If you owe a debt to someone else and they cancel or forgive that debt, the canceled amount may be taxable.
The Bipartisan Budget Act of 2018 extends the exclusion from gross income of discharge of qualified principal residence indebtedness, which generally allows taxpayers to exclude income from the discharge of debt on their principal residence. Debt reduced through mortgage restructuring, as well as mortgage debt forgiven in connection with a foreclosure, qualifies for the relief.
This provision applies to debt forgiven in calendar years 2007 through 2017. Up to $2 million of forgiven debt is eligible for this exclusion ($1 million if married filing separately). The exclusion does not apply if the discharge is due to services performed for the lender or any other reason not directly related to a decline in the home’s value or the taxpayer’s financial condition. How do I report the forgiveness of debt that is excluded from gross income?
- Check the appropriate box under line 1 on Form 982, Reduction of Tax Attributes Due to Discharge of Indebtedness (and Section 1082 Basis Adjustment) to indicate the type of discharge of indebtedness and enter the amount of the discharged debt excluded from gross income on line 2. Any remaining canceled debt must be included as income on your tax return.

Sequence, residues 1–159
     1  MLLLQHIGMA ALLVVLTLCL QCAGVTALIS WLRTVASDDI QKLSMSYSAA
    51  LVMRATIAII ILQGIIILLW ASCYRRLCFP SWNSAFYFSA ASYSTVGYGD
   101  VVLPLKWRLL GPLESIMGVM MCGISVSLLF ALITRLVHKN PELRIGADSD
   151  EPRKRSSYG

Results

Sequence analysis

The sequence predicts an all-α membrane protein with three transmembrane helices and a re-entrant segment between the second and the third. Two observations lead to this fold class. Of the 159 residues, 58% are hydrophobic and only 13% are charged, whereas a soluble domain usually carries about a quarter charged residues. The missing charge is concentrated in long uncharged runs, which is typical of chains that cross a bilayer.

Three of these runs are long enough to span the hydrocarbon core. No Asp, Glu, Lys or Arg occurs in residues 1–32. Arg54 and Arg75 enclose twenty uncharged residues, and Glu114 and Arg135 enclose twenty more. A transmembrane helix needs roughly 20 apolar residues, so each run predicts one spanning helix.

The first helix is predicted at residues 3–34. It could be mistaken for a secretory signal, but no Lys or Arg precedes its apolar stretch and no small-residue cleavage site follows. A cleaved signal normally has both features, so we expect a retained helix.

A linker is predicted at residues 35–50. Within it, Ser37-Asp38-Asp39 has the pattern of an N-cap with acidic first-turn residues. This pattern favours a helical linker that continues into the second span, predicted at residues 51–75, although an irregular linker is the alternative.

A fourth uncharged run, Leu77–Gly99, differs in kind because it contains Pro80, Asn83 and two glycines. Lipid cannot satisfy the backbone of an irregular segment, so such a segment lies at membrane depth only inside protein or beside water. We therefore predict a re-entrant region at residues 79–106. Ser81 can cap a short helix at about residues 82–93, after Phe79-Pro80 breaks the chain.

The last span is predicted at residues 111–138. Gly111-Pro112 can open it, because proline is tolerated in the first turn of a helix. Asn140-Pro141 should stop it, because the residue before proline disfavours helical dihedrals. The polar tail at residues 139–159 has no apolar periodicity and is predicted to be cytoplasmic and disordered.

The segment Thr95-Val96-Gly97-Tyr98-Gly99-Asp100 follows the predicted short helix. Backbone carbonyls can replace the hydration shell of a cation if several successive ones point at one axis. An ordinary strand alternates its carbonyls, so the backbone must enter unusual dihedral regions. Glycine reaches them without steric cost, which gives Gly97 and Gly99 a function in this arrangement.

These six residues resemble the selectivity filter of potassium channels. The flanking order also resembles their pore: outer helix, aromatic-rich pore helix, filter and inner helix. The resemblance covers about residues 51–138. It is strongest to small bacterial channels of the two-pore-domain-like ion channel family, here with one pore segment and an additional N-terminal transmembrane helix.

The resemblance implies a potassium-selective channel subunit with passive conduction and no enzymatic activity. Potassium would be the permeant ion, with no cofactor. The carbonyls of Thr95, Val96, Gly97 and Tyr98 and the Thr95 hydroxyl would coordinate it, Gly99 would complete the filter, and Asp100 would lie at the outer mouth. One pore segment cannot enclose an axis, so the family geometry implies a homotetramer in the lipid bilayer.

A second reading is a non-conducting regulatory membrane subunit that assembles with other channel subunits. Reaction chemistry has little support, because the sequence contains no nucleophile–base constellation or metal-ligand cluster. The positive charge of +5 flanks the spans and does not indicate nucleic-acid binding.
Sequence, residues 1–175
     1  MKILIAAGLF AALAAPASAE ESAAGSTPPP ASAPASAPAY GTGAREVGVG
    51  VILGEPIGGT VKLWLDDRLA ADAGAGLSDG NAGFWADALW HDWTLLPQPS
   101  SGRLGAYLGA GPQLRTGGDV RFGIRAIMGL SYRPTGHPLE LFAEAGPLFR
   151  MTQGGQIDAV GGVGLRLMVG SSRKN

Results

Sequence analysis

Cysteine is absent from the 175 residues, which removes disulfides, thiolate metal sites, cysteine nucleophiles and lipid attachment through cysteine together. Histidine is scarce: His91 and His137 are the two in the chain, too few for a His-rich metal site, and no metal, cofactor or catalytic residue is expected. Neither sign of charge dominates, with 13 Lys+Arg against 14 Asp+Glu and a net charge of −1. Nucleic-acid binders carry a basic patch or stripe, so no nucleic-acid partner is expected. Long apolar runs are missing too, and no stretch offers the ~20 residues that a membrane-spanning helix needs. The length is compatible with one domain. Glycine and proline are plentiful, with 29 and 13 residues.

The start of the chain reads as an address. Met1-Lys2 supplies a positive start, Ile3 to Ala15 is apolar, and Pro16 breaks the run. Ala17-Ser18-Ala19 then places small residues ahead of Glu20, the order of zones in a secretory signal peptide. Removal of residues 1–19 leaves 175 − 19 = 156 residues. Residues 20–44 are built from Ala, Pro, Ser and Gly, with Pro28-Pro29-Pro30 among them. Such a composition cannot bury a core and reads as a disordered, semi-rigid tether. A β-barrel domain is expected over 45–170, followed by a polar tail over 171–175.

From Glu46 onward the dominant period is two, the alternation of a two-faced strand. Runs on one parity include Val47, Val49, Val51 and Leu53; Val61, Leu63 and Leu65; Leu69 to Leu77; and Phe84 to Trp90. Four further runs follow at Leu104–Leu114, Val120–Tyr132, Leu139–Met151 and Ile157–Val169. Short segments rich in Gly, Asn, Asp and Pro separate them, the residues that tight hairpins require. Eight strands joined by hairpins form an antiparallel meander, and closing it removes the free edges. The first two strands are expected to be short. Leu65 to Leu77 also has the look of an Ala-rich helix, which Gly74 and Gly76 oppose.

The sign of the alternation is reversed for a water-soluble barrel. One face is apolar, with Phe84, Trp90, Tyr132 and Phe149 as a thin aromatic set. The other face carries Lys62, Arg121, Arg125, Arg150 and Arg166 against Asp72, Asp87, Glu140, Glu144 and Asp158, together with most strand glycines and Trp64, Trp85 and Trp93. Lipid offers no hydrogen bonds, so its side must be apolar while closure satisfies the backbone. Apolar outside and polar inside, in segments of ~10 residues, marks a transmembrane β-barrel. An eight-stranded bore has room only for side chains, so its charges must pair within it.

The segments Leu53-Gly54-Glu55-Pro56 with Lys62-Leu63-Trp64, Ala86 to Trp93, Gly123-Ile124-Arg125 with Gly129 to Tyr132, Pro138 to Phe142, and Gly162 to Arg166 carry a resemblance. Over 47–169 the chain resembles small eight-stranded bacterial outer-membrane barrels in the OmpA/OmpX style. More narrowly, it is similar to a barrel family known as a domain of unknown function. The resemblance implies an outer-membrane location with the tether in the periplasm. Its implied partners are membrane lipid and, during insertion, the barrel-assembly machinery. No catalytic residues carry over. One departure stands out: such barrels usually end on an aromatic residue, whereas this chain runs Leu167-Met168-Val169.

- File Form 982 with your tax return.
To access Form 1099-C in the TaxAct® program:
- From within your TaxAct return (Online or Desktop), click on the Federal tab. On smaller devices, click the menu icon in the upper left-hand corner, then select Federal
- Click Other Income in the middle of the screen to expand the section and then click Cancellation of Debt (Form 1099-C)
- The program will proceed with the interview questions for you to enter or review the appropriate information
If you qualify for this exclusion, you would use Form 982 to report the exclusion of the canceled debt. Form 982 will follow the 1099-C interview.
More information, including detailed examples can be found in Publication 4681 Canceled Debts, Foreclosures, Repossessions, and Abandonments.